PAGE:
11. The new syllabus is quite different, the options especially have been revised. If you studied for the new syllabus solely with old syllabus materials you'd have gaps in quite a few topics. Here's a copy of the changes to the syllabus: www.jon.hk/2014/05/ib-chem-2016-topic/ Here's an online copy of the IB chemistry options (new syllabus). Option A - Materials: https://www.hoddereducation.co.uk/media/Documents/International/Chemistry for the IB Diploma/829055_22_IB_Chemistry_001-099.pdf Option B - Biochemistry: https://www.hoddereducation.co.uk/media/Documents/International/Chemistry for the IB Diploma/829055_23_IB_Chemistry_001-172.pdf Option C - Energy: https://www.hoddereducation.co.uk/media/Documents/International/Chemistry for the IB Diploma/829055_24_IB_Chemistry_001-101.pdf Option D - Medicinal Chemistry: https://www.hoddereducation.co.uk/media/Documents/International/Chemistry for the IB Diploma/829055_25_IB_Chemistry_001-102.pdf Last I checked the new book doesn't include the options and you have to find them online.
  12. Generally in the U.K. the trend when it comes to accomadation is the further north you go from London the cheaper accommodation gets. KCL and UCL are in London so, of the list, accommodation will be most expensive there. South England's accommodation tends to be more expensive than up North so Sussex would probably be next expensive after the London universities. Keele or Glasgow would probably be cheapest in terms of accommodation. Manchester or Leeds would probably be next cheapest after Keele and Glasgow. Nottingham would be somewhere in the middle. I wouldn't know which would be more expensive or cheap in terms of food. The bigger cities might probably be cheaper as you'd have more options to choose from. You will not be at a disadvantage at any of the universities you are to applying for not having Neuroscience related work experience. It's not a prerequisite and several students apply and get accepted without having an opportunity to do these. As long as you get the grades and can tailor your personal statement to showcase your enthusiasm and suitability to study the subject that should be enough. This year Neuroscience at Keele was in clearing. Clearing is when UK universities have extra spaces on their course and runs from July to September... October sometimes... (right before the course starts). Some universities advertise these spaces on the courses in clearing.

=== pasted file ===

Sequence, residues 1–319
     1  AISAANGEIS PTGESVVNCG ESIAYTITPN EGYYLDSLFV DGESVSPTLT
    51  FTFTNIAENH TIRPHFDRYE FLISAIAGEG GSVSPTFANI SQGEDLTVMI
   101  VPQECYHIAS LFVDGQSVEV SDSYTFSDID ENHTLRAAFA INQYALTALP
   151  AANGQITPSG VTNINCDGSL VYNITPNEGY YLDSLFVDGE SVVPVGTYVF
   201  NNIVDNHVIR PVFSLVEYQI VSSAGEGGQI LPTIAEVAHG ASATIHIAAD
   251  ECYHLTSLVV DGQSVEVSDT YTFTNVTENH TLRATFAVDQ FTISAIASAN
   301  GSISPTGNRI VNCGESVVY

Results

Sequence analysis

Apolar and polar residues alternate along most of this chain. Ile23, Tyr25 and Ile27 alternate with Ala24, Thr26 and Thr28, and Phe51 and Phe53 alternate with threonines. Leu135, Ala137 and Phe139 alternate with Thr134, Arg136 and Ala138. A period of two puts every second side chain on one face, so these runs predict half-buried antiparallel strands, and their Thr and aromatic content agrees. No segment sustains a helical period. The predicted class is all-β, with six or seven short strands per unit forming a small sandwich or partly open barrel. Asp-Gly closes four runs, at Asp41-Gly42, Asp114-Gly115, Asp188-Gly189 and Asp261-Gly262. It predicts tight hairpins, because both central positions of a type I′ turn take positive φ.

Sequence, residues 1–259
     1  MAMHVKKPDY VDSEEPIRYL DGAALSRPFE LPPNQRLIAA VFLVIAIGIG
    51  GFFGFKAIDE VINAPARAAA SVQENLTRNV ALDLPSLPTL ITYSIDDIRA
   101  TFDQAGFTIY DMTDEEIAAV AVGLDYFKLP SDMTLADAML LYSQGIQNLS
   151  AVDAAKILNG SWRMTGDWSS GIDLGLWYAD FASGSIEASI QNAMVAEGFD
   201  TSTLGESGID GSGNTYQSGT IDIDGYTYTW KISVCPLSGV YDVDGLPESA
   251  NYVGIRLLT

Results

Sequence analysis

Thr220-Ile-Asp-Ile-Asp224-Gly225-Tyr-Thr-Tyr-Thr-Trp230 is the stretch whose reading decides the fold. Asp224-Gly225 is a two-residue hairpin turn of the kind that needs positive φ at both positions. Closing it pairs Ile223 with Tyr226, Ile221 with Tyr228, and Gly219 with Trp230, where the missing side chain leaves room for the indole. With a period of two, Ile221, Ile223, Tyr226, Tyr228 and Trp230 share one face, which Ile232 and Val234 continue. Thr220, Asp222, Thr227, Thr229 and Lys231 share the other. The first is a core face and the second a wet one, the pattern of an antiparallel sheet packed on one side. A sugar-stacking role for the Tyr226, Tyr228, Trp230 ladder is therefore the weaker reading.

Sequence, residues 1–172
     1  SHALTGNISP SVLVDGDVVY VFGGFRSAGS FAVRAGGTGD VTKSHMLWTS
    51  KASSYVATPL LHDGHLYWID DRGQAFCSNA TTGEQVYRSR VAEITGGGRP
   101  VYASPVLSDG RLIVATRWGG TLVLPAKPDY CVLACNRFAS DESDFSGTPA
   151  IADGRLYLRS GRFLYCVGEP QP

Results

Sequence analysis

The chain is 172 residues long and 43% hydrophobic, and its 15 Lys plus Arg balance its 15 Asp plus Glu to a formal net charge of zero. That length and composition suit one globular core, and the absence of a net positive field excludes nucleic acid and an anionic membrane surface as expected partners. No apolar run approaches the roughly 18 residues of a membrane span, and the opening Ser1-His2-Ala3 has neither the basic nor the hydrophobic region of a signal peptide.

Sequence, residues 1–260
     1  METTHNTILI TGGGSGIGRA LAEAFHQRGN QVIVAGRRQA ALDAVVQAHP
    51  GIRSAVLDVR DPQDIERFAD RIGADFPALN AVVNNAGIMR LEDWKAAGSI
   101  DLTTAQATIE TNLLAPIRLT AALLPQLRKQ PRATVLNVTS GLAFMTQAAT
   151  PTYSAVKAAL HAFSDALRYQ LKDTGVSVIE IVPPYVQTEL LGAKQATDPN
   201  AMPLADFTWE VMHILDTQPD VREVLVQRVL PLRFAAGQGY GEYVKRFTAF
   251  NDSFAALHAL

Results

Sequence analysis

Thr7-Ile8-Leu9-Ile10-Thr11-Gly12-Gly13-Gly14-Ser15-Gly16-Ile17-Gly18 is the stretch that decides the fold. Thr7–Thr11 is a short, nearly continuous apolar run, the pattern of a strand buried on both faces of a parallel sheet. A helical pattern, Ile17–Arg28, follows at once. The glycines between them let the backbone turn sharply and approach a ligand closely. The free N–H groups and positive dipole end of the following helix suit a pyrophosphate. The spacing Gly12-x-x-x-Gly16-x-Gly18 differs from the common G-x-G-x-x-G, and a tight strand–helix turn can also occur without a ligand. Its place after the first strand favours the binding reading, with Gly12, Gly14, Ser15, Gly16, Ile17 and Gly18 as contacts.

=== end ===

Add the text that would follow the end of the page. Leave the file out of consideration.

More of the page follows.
13. January start courses are possible but it depends on what you want to study and where. There are quite a few nursing January start courses. Universities like Middlesex university and Coventry university have few courses. Just googling regarding the name of the course you want to study and UK undergraduate courses January intake should give you some answers. www.studylondon.ac.uk/application-advice/faqs/january-and-february-courses https://www.ukuni.net/articles/january-intake-uk-universities-2017
  14. I know this post is old, but I think this information may be worthwhile. I just wanted to inform you you have what is called "extenuating circumstances". The surgery was beyond your control and cost you 2 months of schooling which in turn affected your performance. When it comes to applying make sure your reference highlights these extenuating circumstances and you fill in any extenuating circumstances forms if you need to. A lot more UK medical schools are bit more leniant in considering resist students with extenuating circumstances as opposed to those without any. However you'll have to check each university's updated resit policy to see if they do because some of them won't accept resit students extenuating circumstances or not.
  15. I'd say the only way to find out if it's possible is to speak the ESS teacher and maybe your IB coordinator about switching. Tell them how Physics hasn't been a fit for you and how you feel ESS will be more of a fit and relates more to what you want to do in the future.